Socialism is hot right now. The upset win by New York City congressional candidate Alexandra Ocasio-Cortez last month triggered a wave of stories and opining about how some of the new faces of the Democratic Party have embraced socialist economic and social policies.
The Associated Press reported recently that “there are 42 people running for offices at the federal, state and local levels in 20 states this year with the formal endorsement of the Democratic Socialists of America. The AP said membership in the DSA has increased from a mere 6,000 prior to Donald Trump’s election to 45,000.
The DSA’s constitution states, “We are socialists because we reject an economic order based on private profit, alienated labor, gross inequalities of wealth and power, discrimination based on race, sex, sexual orientation, gender expression, disability status, age, religion, and national origin, and brutality and violence in defense of the status quo.”
The most talked about policies of the socialists are Medicare for all, free college, a $15 minimum wage and abolition of ICE—the federal department of Immigration and Customs Enforcement. Vermont Senator Bernie Sanders campaigned hard on several of those issues during his 2016 run for the Democratic nomination for president and he won a lot of converts. Sanders even beat Hillary Clinton in conservative West Virginia, winning 51 percent of the vote, compared with 36 percent for Clinton.
At its simplest level, the appeal of socialism is predictable. The lure of free college, free healthcare, higher pay without increased responsibility or skills is powerful for some. Additionally, a free market economy, by definition, is going to lead to unequal outcomes. Those who work harder, possess skills that are in demand or bring a fresh idea to market increase their chances for greater economic success.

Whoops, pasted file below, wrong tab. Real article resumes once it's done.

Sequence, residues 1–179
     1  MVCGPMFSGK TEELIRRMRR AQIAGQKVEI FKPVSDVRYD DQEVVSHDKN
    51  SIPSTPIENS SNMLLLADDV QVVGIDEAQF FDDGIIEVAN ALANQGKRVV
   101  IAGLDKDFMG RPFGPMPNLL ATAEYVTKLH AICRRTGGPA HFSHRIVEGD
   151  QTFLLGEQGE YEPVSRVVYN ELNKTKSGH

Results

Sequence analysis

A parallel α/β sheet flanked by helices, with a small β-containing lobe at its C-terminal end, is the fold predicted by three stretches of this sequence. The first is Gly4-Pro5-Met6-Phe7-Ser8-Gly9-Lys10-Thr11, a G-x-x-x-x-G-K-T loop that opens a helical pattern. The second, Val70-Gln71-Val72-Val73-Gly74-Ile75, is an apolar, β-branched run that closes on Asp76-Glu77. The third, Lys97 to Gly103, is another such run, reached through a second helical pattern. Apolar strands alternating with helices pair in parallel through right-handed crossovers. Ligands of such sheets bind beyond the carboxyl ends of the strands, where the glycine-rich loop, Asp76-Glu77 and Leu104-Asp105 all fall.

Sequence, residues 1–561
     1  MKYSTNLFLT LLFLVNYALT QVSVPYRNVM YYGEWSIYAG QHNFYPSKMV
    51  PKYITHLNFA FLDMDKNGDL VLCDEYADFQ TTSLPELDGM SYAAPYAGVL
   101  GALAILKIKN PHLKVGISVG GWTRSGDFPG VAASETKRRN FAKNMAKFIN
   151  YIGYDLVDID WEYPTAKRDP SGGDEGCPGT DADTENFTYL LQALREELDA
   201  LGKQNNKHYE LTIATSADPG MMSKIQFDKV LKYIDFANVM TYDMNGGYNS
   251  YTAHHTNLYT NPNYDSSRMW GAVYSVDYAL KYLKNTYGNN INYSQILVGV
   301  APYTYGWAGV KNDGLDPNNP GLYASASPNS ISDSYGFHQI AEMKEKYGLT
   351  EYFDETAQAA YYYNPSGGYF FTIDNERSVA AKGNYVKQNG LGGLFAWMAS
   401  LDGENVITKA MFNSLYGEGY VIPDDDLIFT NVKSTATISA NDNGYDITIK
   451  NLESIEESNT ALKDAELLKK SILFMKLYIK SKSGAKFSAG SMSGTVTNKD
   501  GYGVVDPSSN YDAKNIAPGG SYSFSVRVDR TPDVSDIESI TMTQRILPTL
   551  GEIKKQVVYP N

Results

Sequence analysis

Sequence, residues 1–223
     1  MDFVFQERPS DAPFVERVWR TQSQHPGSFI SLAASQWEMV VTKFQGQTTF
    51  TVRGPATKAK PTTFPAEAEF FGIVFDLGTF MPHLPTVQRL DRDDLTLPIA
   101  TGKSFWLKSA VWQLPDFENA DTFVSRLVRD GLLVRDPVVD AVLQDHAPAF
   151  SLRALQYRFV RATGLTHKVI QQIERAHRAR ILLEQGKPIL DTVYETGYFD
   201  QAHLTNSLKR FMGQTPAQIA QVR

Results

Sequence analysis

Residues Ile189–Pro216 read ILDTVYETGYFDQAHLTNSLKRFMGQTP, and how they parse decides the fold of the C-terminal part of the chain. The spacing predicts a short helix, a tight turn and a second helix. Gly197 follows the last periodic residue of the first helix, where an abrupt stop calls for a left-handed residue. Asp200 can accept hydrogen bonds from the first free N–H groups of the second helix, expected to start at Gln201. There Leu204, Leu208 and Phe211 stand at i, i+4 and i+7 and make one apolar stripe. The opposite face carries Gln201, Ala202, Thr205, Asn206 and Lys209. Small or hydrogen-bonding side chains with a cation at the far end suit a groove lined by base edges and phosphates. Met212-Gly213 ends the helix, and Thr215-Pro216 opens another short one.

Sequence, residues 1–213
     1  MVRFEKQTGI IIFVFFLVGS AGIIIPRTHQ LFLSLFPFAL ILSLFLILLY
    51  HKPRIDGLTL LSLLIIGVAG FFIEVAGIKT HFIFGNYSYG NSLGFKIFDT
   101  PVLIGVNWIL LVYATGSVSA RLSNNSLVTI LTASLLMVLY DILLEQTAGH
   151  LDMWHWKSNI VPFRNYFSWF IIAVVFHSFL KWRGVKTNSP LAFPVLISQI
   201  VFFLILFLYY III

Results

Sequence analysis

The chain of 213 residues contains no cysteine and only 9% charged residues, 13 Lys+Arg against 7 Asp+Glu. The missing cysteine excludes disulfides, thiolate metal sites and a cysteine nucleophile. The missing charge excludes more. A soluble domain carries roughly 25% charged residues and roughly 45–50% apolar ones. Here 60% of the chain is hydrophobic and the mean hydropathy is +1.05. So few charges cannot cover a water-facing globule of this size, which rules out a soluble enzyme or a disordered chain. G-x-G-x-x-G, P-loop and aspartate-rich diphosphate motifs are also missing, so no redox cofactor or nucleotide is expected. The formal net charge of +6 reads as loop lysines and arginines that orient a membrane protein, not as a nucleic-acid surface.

Of course, the free college and healthcare are not actually free. Somebody is going to pay, and that’s where the foundation of socialist economics weakens. The libertarian-leaning Mercatus Center at George Mason University has released a study predicting Medicare for all would cost $32.6 trillion over ten years.
The free college plan would cost about $75 billion a year, by Sanders’ estimate. He has said that a tax on Wall Street trading would pay the bill. However, according to PolitiFact an investment transaction tax would pay two-thirds of the cost and the states would have to pay the rest. Could the taxpayers of West Virginia afford to pay for one-third of the cost for every student’s college education?
The $15 minimum wage is being tried in a number of cities with mixed results. Some studies show there has been little or no negative impact on business, while others have found low-wage workers have actually done worse because employers have had to reduce hours or the number of employees.
Sanders and the socialist ideas essentially got a pass during the 2016 campaign because Clinton knew she would eventually win the nomination and she did not want to alienate those voters. But that’s changing. Democratic socialism is gaining a foothold in the Democratic Party and, with its rise in popularity comes additional scrutiny.
The fascination with socialist policies will wane as taxpayers begin to take a closer look at the actual costs. As former British Prime Minister Margaret Thatcher famously said, “Socialist governments traditionally do make a financial mess. They always run out of other people’s money.”